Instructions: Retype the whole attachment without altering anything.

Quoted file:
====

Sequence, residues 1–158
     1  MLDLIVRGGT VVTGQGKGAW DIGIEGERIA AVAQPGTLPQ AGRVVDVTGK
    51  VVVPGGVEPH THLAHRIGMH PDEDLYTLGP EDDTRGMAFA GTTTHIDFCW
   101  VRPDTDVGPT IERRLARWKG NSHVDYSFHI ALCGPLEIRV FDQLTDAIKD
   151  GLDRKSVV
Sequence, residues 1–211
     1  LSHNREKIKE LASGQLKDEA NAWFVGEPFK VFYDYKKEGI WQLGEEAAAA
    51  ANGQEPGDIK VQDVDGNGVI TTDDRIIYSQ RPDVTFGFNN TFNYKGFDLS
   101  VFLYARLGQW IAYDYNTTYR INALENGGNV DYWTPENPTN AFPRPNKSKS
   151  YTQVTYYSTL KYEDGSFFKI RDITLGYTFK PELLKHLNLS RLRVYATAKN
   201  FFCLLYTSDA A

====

Sequence, residues 1–158
     1  MLDLIVRGGT VVTGQGKGAW DIGIEGERIA AVAQPGTLPQ AGRVVDVTGK
    51  VVVPGGVEPH THLAHRIGMH PDEDLYTLGP EDDTRGMAFA GTTTHIDFCW
   101  VRPDTDVGPT IERRLARWKG NSHVDYSFHI ALCGPLEIRV FDQLTDAIKD
   151  GLDRKSVV
Sequence, residues 1–211
     1  LSHNREKIKE LASGQLKDEA NAWFVGEPFK VFYDYKKEGI WQLGEEAAAA
    51  ANGQEPGDIK VQDVDGNGVI TTDDRIIYSQ RPDVTFGFNN TFNYKGFDLS
   101  VFLYARLGQW IAYDYNTTYR INALENGGNV DYWTPENPTN AFPRPNKSKS
   151  YTQVTYYSTL KYEDGSFFKI RDITLGYTFK PELLKHLNLS RLRVYATAKN
   201  FFCLLYTSDA A